It has everything to do with us, however. Us as a species, us as humans, us within our cultures, us with our amazing brains and connection to a quantum reality that is the underlayment of a seemingly apparent external world, when in reality the internal world is really where its at. We all have it, although some appear to be connected more than others, and some "turn it off" through disbelief even though the connection could be "restarted" at any given time, given the right circumstances.

In the end we see that everything (all people, all things in the universe, through the laws of the universe, atoms, and everything in between) really IS connected, and so we find meaning once again... or is that just my culture talking?



Saturday, February 12, 2011

TOMMY

Tommy and I both wore 8-year old bodies the first time we kissed. I still remember, more than anything, the smell of kimchi on his breath. It stunk from afar – the rotten, spicy Korean cabbage dish that it was – and it stunk even more when it wafted in my face close up. Yet first kisses are always the greatest kisses because they linger on, much like kimchi, and the anticipation and preparation leading up to their making is sometimes methodical in delivery and full of expectation.

The fact that we planned this kiss, because neither of us had ever experienced one, surely was the reason it became a covert operation. We were horrified of the thought of any adult – or anyone else for that matter – seeing us touch lips, even in the public place called my back yard. We devised instead a plan to conceal the evidence, to canopy it so to speak, to raise a tent in the green grass using sticks, string, and an old pink and white checkered blanket that was almost too worn and thin to be opaque anymore.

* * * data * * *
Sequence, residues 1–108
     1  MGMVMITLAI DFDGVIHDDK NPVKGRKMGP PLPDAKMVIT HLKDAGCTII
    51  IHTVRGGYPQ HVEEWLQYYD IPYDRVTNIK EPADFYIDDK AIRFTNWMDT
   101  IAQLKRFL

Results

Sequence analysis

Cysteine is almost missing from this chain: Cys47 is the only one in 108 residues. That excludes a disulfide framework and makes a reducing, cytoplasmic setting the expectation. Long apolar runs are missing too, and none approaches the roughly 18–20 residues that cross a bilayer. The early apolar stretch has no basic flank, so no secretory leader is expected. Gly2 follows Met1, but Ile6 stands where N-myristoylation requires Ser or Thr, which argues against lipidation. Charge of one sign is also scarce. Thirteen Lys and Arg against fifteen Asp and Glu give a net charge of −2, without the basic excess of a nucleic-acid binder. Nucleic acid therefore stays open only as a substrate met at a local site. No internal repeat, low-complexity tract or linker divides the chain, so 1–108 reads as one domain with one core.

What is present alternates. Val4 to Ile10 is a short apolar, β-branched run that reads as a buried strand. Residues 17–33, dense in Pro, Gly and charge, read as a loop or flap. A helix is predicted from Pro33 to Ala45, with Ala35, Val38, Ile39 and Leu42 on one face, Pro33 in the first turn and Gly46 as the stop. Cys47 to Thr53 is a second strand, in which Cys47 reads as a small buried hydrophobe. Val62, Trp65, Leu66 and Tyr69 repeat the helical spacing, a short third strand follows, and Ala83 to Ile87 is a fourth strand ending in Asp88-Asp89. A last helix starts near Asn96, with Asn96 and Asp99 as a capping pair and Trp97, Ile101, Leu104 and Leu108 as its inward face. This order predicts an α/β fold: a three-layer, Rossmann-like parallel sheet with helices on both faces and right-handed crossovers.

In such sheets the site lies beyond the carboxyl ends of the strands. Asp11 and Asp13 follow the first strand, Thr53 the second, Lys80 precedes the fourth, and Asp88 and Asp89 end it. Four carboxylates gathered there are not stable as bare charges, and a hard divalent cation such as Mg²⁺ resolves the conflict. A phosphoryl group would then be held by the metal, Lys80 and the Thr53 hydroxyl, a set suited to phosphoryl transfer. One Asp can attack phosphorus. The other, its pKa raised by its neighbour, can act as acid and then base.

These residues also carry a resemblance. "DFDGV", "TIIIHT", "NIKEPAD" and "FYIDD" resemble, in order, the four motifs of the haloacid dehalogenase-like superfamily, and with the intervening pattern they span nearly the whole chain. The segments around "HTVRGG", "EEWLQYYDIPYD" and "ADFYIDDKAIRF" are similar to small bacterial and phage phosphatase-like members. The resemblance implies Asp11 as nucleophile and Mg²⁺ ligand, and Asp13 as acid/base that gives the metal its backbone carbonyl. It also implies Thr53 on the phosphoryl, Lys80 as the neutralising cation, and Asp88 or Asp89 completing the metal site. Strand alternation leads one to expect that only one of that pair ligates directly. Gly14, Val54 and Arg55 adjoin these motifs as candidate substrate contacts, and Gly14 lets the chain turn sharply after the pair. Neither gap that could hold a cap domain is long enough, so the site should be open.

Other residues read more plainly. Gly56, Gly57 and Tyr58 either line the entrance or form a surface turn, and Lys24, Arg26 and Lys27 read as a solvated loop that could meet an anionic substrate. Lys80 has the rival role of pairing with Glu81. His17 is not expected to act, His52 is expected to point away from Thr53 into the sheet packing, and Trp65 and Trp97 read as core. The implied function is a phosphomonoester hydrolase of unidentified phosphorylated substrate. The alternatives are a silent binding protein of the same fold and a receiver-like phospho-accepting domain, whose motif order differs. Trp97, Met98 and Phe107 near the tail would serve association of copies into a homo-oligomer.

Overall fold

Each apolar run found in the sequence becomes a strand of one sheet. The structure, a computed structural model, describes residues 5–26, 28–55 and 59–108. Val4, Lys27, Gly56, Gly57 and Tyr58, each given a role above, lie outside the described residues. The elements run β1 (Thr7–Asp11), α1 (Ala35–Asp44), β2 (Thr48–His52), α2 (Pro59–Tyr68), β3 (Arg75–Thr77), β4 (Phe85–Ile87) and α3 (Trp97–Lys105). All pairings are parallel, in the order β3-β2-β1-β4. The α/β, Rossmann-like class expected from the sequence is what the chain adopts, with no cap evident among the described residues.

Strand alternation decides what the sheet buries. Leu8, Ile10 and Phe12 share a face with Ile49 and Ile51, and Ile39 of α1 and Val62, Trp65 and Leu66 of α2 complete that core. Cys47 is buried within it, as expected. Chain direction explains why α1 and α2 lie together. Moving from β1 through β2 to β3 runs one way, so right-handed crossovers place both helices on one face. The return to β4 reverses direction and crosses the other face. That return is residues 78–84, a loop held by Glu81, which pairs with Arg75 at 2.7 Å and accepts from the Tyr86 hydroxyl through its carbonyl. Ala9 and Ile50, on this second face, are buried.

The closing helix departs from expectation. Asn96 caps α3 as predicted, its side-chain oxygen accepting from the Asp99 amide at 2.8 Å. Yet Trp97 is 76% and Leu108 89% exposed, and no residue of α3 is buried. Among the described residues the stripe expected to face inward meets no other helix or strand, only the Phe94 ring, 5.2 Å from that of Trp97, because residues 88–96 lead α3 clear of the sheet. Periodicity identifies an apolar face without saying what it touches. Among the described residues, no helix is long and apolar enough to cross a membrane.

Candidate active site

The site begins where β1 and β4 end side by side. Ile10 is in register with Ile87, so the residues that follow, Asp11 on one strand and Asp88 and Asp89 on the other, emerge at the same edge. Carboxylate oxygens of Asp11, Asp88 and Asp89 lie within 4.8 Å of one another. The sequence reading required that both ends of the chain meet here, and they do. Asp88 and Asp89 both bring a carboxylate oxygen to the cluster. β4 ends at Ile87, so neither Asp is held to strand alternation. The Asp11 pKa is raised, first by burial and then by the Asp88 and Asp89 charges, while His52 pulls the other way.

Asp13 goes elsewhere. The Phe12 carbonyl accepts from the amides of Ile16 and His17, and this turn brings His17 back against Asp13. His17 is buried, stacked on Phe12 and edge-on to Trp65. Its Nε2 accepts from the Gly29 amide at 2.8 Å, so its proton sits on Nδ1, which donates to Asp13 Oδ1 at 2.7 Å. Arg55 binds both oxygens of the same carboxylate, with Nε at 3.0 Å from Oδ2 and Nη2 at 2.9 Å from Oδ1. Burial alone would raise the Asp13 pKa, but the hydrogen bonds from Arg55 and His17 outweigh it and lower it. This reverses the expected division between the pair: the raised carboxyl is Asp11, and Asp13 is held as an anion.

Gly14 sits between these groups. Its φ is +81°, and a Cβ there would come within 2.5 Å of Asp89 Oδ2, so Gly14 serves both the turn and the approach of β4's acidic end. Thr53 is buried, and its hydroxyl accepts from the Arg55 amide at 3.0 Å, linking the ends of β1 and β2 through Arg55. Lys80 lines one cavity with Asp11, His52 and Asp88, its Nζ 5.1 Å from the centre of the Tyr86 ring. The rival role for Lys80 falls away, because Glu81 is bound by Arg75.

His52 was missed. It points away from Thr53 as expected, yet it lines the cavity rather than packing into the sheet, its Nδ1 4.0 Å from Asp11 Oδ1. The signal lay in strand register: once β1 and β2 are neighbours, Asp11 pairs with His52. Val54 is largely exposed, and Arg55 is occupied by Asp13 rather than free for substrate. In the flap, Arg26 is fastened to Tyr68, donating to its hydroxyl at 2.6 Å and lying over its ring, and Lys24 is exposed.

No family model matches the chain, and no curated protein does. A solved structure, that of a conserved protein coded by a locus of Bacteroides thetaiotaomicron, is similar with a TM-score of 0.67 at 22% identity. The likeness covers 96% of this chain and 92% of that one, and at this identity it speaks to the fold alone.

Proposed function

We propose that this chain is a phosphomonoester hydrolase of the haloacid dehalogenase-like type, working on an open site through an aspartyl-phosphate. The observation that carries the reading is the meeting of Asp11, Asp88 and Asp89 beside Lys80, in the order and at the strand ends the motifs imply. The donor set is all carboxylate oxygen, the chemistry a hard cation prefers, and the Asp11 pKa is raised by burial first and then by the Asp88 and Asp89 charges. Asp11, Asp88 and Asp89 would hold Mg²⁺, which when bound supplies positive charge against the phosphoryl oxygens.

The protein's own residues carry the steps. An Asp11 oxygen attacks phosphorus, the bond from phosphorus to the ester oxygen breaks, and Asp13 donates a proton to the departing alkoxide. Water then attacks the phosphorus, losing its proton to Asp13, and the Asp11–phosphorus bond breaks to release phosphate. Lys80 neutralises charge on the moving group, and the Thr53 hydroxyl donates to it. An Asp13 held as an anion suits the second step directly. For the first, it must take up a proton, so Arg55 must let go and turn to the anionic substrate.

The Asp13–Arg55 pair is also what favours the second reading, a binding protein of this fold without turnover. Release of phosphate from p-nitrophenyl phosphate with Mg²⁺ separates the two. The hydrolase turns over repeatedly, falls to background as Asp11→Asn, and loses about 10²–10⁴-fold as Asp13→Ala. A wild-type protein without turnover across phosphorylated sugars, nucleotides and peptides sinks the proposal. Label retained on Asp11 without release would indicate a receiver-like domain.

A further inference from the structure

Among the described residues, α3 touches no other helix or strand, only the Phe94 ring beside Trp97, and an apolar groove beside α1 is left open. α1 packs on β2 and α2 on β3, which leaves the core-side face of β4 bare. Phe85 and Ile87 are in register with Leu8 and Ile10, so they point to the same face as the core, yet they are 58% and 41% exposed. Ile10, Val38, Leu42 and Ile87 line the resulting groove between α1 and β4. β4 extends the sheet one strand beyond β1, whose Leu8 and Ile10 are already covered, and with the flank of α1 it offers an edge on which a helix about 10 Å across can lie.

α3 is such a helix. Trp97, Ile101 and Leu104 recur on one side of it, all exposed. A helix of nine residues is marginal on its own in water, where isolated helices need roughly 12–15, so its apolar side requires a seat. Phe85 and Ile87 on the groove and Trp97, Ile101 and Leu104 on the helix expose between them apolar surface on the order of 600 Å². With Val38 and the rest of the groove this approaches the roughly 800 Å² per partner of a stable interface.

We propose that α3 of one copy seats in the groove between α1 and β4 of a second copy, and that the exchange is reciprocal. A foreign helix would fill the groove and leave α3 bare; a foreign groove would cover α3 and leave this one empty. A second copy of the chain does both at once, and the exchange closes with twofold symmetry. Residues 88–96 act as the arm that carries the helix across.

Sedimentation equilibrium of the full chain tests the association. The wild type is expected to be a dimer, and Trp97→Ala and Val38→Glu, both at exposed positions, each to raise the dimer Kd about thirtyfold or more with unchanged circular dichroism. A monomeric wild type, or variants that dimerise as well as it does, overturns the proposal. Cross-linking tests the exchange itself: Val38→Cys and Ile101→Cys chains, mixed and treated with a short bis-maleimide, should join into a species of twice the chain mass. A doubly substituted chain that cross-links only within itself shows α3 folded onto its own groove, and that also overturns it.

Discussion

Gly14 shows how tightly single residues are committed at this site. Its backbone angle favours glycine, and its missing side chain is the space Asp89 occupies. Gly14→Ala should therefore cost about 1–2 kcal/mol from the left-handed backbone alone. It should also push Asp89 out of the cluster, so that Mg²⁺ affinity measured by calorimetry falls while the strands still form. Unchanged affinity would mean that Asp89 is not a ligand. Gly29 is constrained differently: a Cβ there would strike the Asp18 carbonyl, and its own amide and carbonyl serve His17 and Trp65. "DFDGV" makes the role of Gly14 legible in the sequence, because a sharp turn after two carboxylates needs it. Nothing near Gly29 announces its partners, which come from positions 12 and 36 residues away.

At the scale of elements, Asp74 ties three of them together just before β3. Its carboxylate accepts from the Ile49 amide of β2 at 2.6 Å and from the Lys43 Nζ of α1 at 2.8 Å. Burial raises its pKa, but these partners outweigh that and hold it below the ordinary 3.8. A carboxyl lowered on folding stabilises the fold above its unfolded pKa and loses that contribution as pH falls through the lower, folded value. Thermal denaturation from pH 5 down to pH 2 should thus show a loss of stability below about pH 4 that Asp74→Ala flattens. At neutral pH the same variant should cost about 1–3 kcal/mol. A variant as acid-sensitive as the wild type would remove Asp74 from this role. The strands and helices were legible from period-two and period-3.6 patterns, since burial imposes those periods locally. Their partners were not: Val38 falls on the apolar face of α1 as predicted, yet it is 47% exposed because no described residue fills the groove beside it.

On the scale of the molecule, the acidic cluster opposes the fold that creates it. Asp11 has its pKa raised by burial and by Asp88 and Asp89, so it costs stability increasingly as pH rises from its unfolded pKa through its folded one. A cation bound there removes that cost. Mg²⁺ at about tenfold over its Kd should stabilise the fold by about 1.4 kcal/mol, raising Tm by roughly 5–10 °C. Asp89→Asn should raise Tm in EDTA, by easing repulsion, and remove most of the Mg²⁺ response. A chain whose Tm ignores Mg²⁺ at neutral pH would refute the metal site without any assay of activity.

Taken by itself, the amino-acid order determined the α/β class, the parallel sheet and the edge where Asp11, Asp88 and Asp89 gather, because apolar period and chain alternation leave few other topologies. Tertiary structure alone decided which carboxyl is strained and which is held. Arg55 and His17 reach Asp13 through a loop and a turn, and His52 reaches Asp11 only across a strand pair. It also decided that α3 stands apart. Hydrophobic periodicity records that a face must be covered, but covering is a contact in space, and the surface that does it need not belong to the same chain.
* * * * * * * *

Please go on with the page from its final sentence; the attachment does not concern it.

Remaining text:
The tent was open at both ends like the old pup style tent that had now become make-shifted and created by the minds of children, loose and imperfect, nearly formless, yet good enough to do the trick. Tommy and I separately entered from each end of the kissing tent, with our feet sticking out as the only evidence that included inferences to the deed. There within the magical confines of the tent walls shielding us from the peering eyes of the world, our faces glided together, and our small, never-more innocent lips touched ever so lightly in a single, unified expression of our simplistic desires. Tommy was the best kimchi I ever tasted.